Registration Dossier

Administrative data

Endpoint:
distribution modelling
Type of information:
calculation (if not (Q)SAR)
Remarks:
Migrated phrase: estimated by calculation
Adequacy of study:
key study
Reliability:
2 (reliable with restrictions)
Rationale for reliability incl. deficiencies:
other: see 'Remark'
Remarks:
Report published by the German Federal Ministry for the Environment, Nature Conservation and Nuclear Safety. It follows generally accepted scientific principles and can be considered as reliable. The report examines the influence on human and the environment by long-term emissions of long-living radioactive iodine isotopes. Thus, it can be expected that the findings are adequate for the environmental assessment of the lifecycle of stable iodine.

Data source

Reference
Reference Type:
secondary source
Title:
Ableitung von radioökologischen Parametern aus dem langfristigen Eintrag von IOD-129
Author:
R. Michel, K.Klipsch, Th. Ernst, M. Gorny, D. Jakob, J. Vahlbruch, H.-A. Synal, C. Schnabel
Year:
2004
Bibliographic source:
Abschlussbericht Vorhaben StSch 4285, BMU – 2004-650, Bundesministerium für Umwelt, Naturschutz und Reaktorsicherheit, Arbeitsgruppe RS I 1, ISSN 1612-6386
Report Date:
2004

Materials and methods

Model:
other: Steady-state model assuming complete mixing of the compartments. Derivation of inventories based on the weighted average ratio of iodine contents of the ocean and marine sediment.

Results and discussion

Percent distribution in media

Air (%):
0
Water (%):
0.5
Soil (%):
0
Sediment (%):
32.2
Biota (%):
0
Other distribution results:
About 67% of total iodine are expected to be associated with igneous rocks in the Earth's crust. A further differentiation of the atmospheric distribution between gas phase and aerosol is very difficult due to the high reactivity and complexity of the atmospheric chemistry of iodine.

Any other information on results incl. tables

Michel et al. consider in their report on the natural lifecycle of iodine an extented and modified model developed by Fabryka-Martin in 1984 on basis of a steady-state model for the geochemical lifecycle of iodine by Kocher (Kocher, 1981; Fabryka-Martin, 1984). Finally, Schmidt added based on the known global ration the inventories of iodine-127 to the model, since Fabryka-Martin and Kocher were focussed on the distribution of the isotope iodine-129 (Schmidt, 1998). In both models complete mixing of the compartments is assumed. Major changes are the inclusion of the compartments igneous rocks and sediments (lithosphere), which are in no active exchange with the ocean, as well as the assumption that these compartments are in exchange with deep groundwater and the atmosphere only. Within the model about 95% of the global iodine inventory is assumed to be stored in the lithosphere with a mean residence time of more than 108years. An additional fraction of about 4% of total iodine is expected to be bound in recent ocean sediment. The mean residence time for this compartment is estimated to be about four million years. The remaining iodine (approx. 1%) is available for the lifecycle with the ocean considered to be the major reservoir.

In this model significant pathways are the migration of iodine from the lithosphere to the atmosphere and the hydrosphere (deep groundwater) by volcanic activities, combustion of fossil fuels and the weathering of rocks. Furthermore the exchange between recent ocean sediments and the deep-ocean as well as inner-oceanic mixing are important transport processes within the marine compartment. In addition, iodine is transferred from the freshwater segment to the ocean. The mixed-layer of the ocean is in a constantly exchange with the marine atmosphere by evaporation, sea spray, biogenic emissions plus dry and wet deposition in return. By different atmospheric processes iodine is distributed and transported to the pedosphere. The atmospheric and pedospheric exchange occurs by dry and wet deposition and by evaporation of iodine as such or as biogenic emission. Finally, the biosphere takes up iodine from hydrosphere and pedosphere and loses iodine by evaporation, decomposition as well as excretion to the atmosphere and pedosphere.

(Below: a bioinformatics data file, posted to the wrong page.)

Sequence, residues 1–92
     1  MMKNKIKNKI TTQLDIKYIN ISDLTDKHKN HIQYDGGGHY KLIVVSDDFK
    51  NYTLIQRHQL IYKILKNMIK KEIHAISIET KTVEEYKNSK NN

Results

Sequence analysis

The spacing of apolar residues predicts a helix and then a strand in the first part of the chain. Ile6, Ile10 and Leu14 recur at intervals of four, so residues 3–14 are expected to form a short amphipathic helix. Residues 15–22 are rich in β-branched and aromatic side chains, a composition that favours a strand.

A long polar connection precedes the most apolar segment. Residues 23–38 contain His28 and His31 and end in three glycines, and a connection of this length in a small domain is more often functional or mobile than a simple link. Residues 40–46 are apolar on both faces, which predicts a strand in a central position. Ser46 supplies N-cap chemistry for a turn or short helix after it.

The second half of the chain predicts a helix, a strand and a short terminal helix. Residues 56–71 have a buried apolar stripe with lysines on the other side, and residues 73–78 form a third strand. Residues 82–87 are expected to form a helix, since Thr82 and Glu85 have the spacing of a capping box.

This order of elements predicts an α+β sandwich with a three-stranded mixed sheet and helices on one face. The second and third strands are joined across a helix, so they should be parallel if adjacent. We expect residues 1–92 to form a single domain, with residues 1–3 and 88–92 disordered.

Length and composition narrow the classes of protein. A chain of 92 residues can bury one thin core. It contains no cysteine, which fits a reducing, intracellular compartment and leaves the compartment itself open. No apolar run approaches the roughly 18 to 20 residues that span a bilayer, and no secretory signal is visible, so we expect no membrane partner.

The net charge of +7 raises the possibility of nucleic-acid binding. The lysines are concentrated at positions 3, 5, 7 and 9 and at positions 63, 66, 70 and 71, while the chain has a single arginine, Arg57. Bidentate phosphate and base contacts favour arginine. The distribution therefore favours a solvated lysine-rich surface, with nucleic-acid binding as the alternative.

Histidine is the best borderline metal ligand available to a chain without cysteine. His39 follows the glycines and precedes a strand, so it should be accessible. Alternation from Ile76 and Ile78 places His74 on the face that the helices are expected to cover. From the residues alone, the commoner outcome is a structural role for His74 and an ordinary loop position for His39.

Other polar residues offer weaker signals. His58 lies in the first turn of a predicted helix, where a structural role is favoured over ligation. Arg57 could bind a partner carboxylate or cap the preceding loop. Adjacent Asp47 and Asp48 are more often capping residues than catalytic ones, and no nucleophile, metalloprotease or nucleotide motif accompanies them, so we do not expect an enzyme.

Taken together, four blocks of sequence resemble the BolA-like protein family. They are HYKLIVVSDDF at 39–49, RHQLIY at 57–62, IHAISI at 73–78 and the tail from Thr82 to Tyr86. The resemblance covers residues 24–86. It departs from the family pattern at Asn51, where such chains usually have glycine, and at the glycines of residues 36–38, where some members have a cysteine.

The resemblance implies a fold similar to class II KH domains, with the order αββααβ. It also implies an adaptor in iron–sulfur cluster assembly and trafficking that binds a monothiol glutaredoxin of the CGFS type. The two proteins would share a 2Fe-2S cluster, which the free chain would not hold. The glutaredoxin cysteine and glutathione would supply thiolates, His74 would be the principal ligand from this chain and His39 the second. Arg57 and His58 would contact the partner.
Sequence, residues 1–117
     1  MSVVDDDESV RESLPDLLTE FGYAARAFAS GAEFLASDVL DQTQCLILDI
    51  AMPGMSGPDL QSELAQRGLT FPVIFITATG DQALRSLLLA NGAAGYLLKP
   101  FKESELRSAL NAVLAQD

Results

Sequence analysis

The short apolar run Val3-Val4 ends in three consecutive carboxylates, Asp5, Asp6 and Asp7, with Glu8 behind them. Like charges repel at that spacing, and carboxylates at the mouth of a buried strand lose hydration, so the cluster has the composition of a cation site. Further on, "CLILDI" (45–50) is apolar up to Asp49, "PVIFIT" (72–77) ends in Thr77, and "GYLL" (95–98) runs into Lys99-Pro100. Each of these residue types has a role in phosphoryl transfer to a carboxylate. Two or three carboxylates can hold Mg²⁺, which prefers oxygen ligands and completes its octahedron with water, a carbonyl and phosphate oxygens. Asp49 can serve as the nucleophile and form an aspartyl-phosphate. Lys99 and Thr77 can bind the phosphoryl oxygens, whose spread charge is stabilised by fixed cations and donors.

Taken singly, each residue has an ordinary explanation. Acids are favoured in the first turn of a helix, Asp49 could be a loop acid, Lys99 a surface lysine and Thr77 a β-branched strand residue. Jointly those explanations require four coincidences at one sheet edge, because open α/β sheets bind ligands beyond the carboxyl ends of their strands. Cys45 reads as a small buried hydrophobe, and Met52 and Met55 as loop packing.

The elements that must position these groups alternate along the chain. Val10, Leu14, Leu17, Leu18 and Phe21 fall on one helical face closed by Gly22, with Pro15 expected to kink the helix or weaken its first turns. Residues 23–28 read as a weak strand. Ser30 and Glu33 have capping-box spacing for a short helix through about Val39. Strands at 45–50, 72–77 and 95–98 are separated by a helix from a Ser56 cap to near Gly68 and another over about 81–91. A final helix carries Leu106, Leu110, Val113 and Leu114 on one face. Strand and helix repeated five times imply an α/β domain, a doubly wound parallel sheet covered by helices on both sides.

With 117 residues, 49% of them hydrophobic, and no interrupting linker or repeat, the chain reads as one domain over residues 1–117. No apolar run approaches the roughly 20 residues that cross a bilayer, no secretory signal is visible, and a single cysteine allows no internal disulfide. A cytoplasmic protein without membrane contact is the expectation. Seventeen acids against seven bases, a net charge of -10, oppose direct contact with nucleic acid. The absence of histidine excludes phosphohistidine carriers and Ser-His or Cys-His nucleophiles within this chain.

The inventories and fluxes were derived based on the asumption that the weighted average for ocean and sediments is 5.5x10^-13. From this value a ratio for the deep ocean can be calculated which is used as input parameter for the model. Global inventories and fluxes are shown in the attached figure.

References:

Fabryka-Martin J, Bentley H, Elmore D, Airey PL (1984). Natural iodine-129 as an environmental tracer, Geochim Cosmochim Acta, 49, 337-347.

Kocher DC (1981). A dynamic model of the global iodine cycle and estimation of dose to the world population from releases of Iodine-129 to the environment, Envt Intl, 5, 15-31.

Schmidt AC (1998). 129I und stabiles Iod in Umweltproben - Qualitätskontrolle von Analysenmethoden und Untersuchungen zur Radioökologie und zur retrospektiven Dosimetrie, Dissertation, University Hannover.

Applicant's summary and conclusion

Executive summary:

For several decades the geochemical lifecycle of iodine has been in the focus of the scientific community. Long-living isotops of iodine are emitted by humans since 1940s, and therefore modelling of the environmental fate of these emissions is strongly required to esteimate the potential exposure to humans and the environment.

The report of the German Federal Ministry for the Environment, Nature Conservation and Nuclear Safety is the latest summary of the findings on the fate of radio-iodine. As the half-life of the considered isotops (iodine-129) is about 16 million years, the results of this report can also be expected to be adequate and relevant for the assessment of the environmental fate of stable iodine.